A gallstone is an abnormal stone that is formed in the gallbladder.
Gallstones are usually made up of either bile pigments or cholesterol. When they form in the gallbladder, they can cause complications.
It used to be taught that gallstones are most commonly found in females in their 40s or 50s, who were fertile and who had fair hair. However it seems to be more often now found in women who have had their first baby and who had previously been on the oral contraceptive pill.
The commonest complication of gallstones is inflammation of the gallbladder. This is called cholecystitis.
Other complications of gallstones include:
Pancreatitis is a very severe condition, caused by inflammation of the pancreas gland. Gallstones can pass down the common bile duct and can get stuck at the point where the common bile duct enters the duodenum. This junction is called the Ampulla of Vater. At this point, not only does the common bile duct enter the duodenum, but the main duct of the pancreatic gland, the pancreatic duct, also joins the duodenum.
If a gallstone gets caught at the Ampulla of Vater, it can hold this tube open allowing juices from the duodenum to reflux back up into the pancreatic duct. When this happens, very strong enzymes are activated inside the pancreatic duct causing the pancreas to start digesting itself. This can be very severe and sometimes fatal.
If a gallstone passes down the common bile duct, and gets stuck in the duct itself, there is no route for the bile to pass into the bowel. Therefore, bile produced by the liver starts backing up, causing distension of the bile ducts and often the gallbladder, causing the bile pigments to back up back into the bloodstream.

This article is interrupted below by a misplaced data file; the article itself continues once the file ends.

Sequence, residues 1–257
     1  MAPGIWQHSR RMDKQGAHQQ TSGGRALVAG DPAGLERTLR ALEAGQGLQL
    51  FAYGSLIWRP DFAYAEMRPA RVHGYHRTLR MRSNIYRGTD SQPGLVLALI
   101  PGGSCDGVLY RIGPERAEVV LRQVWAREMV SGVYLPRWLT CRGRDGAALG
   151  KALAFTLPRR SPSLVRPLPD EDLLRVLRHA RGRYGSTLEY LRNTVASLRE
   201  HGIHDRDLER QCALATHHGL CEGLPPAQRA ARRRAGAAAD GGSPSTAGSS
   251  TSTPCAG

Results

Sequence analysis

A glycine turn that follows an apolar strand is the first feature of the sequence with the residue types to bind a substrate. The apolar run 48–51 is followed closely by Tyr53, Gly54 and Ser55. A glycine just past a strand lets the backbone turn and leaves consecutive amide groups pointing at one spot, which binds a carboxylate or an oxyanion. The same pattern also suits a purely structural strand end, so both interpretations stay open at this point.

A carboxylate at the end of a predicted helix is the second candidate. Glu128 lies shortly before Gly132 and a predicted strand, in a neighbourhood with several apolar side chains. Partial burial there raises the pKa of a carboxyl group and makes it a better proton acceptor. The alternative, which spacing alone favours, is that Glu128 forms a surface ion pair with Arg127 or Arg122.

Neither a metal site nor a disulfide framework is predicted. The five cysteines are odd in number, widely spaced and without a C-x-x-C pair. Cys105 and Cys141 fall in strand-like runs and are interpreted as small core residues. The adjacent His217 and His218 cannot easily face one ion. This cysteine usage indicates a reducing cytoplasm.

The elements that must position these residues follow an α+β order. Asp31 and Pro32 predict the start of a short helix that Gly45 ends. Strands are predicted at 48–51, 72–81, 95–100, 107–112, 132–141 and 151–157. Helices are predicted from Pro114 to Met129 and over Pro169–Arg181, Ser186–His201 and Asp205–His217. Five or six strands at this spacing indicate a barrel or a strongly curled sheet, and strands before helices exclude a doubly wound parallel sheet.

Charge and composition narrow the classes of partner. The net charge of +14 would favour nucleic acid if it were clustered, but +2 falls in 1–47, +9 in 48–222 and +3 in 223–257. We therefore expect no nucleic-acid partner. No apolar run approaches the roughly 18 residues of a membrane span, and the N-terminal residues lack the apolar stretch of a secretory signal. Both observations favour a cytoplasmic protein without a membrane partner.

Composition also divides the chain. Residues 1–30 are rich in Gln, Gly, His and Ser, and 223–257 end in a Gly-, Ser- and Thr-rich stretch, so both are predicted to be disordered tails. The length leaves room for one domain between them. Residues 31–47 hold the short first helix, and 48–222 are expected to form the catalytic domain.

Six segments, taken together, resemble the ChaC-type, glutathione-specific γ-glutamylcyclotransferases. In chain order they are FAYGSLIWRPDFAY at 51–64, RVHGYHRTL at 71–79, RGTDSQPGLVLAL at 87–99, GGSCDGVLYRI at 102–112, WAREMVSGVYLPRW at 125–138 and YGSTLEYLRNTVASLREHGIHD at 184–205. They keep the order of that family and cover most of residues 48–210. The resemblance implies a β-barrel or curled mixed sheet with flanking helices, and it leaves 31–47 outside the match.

As the bile pigments stay in the blood, the patient turns yellow - jaundice. As the bile pigments cannot get into the bowel, the faeces lose their colour and instead of being a normal brown become very pale. The combination of jaundice and pale stools means obstructive jaundice.
Empyema of the gallbladder:
The gallbladder only has one entrance and exit called the cystic duct. If a gallbladder stone gets caught at the cystic duct, no bile can get into the gallbladder. However, the wall of the gallbladder continues to produce mucus and so the gallbladder gets large and distended with mucus, causing increasing tension of the wall and pain. Eventually, if this is not relieved, this can get infected causing a severe abscess.
If a large gallstone moves from the gallbladder into the bowel, it can get caught lower down in the small intestine. This is quite a rare, but very interesting condition. The gallstone gets impacted in the small intestine causing obstruction. This manifests itself by pain in the abdomen, followed later by swelling of the stomach, vomiting and then constipation.
Occasionally, the stone can move, relieving the obstruction and symptoms - and then get impacted again causing them to come back once again.
Investigations for gallstones.
Unlike kidney stones, gallstones are invisible on x-rays in about 90% of cases. As such, other tests are needed such as ultrasound or special contrast studies.